Millions of pounds worth of fake designer clothing, handbags, shoes, jewellery, perfumes and watches were among the items seized by Rochdale Borough Council Trading Standards over the past two months in a major operation to disrupt a criminal counterfeit goods operation.
The counterfeit items were found in storage containers across Rochdale following routine inspections of shops selling illegal tobacco, cigarettes and vapes. During an inspection in the Heywood area, officers noticed two men behaving suspiciously while loading items into a storage container.
When questioned by officers, it emerged that the men were connected to a further 10 containers located around the Greater Manchester borough. A search ensued, revealing approximately 60,000 items with a retail value of about £9m.
A subsequent investigation by Rochdale’s Trading Standards team revealed a local trader was involved in a nationwide distribution network, dispatching 300 to 500 parcels per day. The team intercepted some of the parcels, which were found to contain counterfeit goods.
The scale of the operation quickly became apparent when a further 11 pallets were intercepted in just one evening. It was later discovered that shipments of 11 containers had been going out six days a week for a significant period of time. The street value of these counterfeit items was calculated to be around £65m per year.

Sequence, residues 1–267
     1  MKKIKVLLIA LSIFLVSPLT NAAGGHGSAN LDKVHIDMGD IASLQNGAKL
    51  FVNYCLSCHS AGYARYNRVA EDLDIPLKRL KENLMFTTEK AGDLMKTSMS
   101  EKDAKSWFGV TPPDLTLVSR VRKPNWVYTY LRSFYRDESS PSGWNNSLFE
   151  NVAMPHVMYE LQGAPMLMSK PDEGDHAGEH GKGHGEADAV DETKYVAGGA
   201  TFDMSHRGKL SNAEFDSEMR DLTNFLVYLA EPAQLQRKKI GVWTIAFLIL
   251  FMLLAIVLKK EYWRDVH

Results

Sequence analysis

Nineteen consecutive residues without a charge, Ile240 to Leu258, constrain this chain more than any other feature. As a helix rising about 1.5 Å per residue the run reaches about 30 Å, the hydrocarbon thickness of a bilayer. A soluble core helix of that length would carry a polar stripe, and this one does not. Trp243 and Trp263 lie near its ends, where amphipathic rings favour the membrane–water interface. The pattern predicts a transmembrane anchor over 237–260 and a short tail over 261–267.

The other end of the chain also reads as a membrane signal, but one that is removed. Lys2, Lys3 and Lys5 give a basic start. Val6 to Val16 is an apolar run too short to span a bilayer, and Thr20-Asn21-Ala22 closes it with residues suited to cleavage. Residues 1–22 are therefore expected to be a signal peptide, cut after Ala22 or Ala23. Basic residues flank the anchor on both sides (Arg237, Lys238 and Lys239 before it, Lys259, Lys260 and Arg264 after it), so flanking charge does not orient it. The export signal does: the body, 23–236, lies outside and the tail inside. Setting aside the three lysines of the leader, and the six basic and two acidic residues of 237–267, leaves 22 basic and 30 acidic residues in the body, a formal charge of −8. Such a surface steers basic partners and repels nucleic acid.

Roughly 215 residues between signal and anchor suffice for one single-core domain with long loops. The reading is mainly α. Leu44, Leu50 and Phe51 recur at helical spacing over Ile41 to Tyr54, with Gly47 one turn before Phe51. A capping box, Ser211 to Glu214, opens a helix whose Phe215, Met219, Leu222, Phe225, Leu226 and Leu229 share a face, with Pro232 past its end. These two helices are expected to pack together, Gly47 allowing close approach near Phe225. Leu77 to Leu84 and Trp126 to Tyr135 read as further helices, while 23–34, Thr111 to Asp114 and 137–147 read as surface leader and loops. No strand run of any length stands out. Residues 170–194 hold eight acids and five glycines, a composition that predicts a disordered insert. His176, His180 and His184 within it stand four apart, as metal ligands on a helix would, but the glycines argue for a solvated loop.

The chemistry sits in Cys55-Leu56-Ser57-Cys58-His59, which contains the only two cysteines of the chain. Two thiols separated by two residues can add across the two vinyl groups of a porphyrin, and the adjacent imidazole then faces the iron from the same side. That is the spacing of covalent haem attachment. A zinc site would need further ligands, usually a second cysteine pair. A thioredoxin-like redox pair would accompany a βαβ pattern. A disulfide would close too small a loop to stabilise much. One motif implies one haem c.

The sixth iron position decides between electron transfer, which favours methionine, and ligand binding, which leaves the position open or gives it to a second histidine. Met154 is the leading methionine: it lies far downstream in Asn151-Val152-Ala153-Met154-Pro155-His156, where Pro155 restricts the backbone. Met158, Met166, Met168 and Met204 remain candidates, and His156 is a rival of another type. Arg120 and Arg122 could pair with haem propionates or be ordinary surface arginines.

Rochdale Trading Standards and the Police Intellectual Property Crime Unit (PIPCU) found the parcels were being shipped to eight industrial units, each containing more counterfeit items. Some of the units were operating as badging factories and distribution hubs.
All the items were seized at these sites with assistance from the police, PIPCU, Lighthouse Security and Manchester City Council Trading Standards team. The seized items filled three 40-f00t containers, with an estimated retail value of £15m.
Councillor Neil Emmott, leader of Rochdale Borough Council, said: “Our Trading Standards team need to be highly commended for their tremendous efforts. They have worked above and beyond their normal daily duties to physically seize counterfeit items worth millions of pounds and disrupted a counterfeit network worth over £65m per year.
“What people may not realise is that apart from often being dangerous and always inferior, these goods are funding organised crime. These traders do not pay taxes, maybe illegally claiming benefits and put genuine local traders who abide by the rules, out of business. You may think you have bagged a bargain, but by funding organised crime you have assisted crime gangs who are responsible for forced labour, drugs, human trafficking, prostitution and child labour.”